In fact the recent Texas massacre is held up in a positive light because – as gun advocates often argue – it was a responsible, trained, courageous gun owner who eventually stopped the killer and forced him to flee.

A clearly distraught and traumatised Stephen Willeford denies being a hero, yet he undoubtedly saved lives:

“I was scared for me, and I was scared for every one of them,” he said of the people at the church. “And I was scared for my own family that lived less than a block away. I’m no hero. I am not. I think my God, my Lord, protected me and gave me the skills to do what needed to be done. And I just wish I could have gotten there faster.”

Considering the stalemate in the gun-control debate, perhaps it’s time to take the pro-gun position seriously? What if the problem in America is not too many guns, but too few?

The burden of responsible gun ownership

It’s responsible gun owners and advocates who resist attempts to restrict or control the availability of guns, and who point to the role of armed citizens in preventing or minimising casualties.

As the NRA CEO Wayne LaPierre put it: “The only thing that stops a bad guy with a gun is a good guy with a gun.”

In the wake of the Sandy Hook massacre, LaPierre went so far as to demand “an active, national database of the mentally ill”, apparently trusting the government to identify and monitor potential killers more than he trusts it to identify and monitor gun ownership.

Once gun control is off the table, there aren’t many options remaining. The most logical solution is in fact to have more guns, more “good guys” carrying guns at every conceivable public and private event.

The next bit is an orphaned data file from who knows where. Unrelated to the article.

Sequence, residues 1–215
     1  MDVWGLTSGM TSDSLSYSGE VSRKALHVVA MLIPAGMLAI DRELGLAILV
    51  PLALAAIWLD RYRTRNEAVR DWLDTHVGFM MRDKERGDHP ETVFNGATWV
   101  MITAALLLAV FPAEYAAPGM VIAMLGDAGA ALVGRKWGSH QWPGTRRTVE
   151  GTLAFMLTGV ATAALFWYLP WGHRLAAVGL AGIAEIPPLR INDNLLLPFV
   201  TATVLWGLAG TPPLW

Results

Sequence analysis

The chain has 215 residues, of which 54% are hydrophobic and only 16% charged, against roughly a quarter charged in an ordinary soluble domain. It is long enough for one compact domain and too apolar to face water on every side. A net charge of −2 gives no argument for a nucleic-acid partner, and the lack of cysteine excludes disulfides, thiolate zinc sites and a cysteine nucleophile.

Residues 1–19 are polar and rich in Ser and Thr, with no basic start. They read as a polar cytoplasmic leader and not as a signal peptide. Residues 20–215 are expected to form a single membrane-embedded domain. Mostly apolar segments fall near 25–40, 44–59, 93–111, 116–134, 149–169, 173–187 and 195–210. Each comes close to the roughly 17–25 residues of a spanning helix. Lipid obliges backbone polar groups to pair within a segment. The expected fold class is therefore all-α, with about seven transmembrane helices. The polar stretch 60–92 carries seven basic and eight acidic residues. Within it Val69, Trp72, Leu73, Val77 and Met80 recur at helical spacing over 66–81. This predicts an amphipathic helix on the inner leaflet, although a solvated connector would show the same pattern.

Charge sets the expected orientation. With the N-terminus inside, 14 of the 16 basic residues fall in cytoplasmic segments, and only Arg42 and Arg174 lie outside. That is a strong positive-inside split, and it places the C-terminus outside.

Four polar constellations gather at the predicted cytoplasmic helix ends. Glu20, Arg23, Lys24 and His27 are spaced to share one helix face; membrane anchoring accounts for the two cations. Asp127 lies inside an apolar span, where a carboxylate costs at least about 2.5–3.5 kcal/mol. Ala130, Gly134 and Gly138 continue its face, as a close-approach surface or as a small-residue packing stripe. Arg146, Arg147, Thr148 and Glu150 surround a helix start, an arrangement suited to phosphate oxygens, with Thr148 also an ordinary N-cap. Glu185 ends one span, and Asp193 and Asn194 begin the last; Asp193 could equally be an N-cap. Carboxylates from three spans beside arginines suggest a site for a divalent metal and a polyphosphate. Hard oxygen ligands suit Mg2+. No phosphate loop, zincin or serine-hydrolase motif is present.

It might sound jarring to admit this, but the fact is that mass-shootings will likely continue, gun control will not happen, and so the only viable solution is to have more people like Stephen Willeford around.

The burden is then on responsible people to become gun owners, and on responsible gun owners to be armed at all times, in case of attack.

Guns in churches, restaurants, schools, movie theatres, synagogues, mosques, libraries, sporting events, and so on. Whenever two or more are gathered together, guns should be with them.

That’s the logical extension of devolving public safety to the level of “Good Samaritan with a gun”.  

But if a good guy with a gun really is the only way to stop a bad guy with a gun, then in light of this knowledge, the good guys clearly aren’t doing enough to uphold their responsibility for public safety.

If we really believe that, then we shouldn’t celebrate the fact that a Good Samaritan with a gun happened to be nearby; we should question why there weren’t two or three or four of them.

“Good Samaritan” implies happenstance and luck, but if responsibility for stopping the bad guys lies with gun owners, then happenstance is actually negligence.

In other aspects of life we have designated first aid officers, fire wardens and emergency evacuation plans. We don’t just hope that a random person in our office or at a public event will know first aid, or take the initiative and lead people in a crisis.

Mass shootings are, tragically, a part of American life. Absent the will to restrict access to semi-automatic weapons, perhaps it’s time for responsible gun owners to start doing their duty? Perhaps it’s time to make gun ownership and training mandatory for all good guys, as in Switzerland? If Americans are stuck with their Second Amendment, perhaps it’s time to follow its logic to the bitter end?

Zac Alstin is associate editor of MercatorNet. He blogs at zacalstin.com and has two books out: a middle-grade/YA fantasy, and a philosophical approach to weight-loss.

Zac Alstin is a writer, editor and stay-at-home dad to three marvellous children, in Adelaide, South Australia. His hobbies include martial arts, making things at home, and contemplating the underlying...